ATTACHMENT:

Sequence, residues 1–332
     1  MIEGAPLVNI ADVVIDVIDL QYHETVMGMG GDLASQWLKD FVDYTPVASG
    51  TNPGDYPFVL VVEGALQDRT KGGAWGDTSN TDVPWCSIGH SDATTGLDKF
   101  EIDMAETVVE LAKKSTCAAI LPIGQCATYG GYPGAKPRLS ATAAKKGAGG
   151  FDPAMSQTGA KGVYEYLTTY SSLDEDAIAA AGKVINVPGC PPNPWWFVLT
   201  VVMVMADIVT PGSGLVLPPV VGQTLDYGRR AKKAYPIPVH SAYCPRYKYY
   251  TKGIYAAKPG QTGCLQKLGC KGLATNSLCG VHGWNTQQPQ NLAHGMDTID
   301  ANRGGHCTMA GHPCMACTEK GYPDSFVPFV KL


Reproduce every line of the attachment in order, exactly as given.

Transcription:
Sequence, residues 1–332
     1  MIEGAPLVNI ADVVIDVIDL QYHETVMGMG GDLASQWLKD FVDYTPVASG
    51  TNPGDYPFVL VVEGALQDRT KGGAWGDTSN TDVPWCSIGH SDATTGLDKF
   101  EIDMAETVVE LAKKSTCAAI LPIGQCATYG GYPGAKPRLS ATAAKKGAGG
   151  FDPAMSQTGA KGVYEYLTTY SSLDEDAIAA AGKVINVPGC PPNPWWFVLT
   201  VVMVMADIVT PGSGLVLPPV VGQTLDYGRR AKKAYPIPVH SAYCPRYKYY
   251  TKGIYAAKPG QTGCLQKLGC KGLATNSLCG VHGWNTQQPQ NLAHGMDTID
   301  ANRGGHCTMA GHPCMACTEK GYPDSFVPFV KL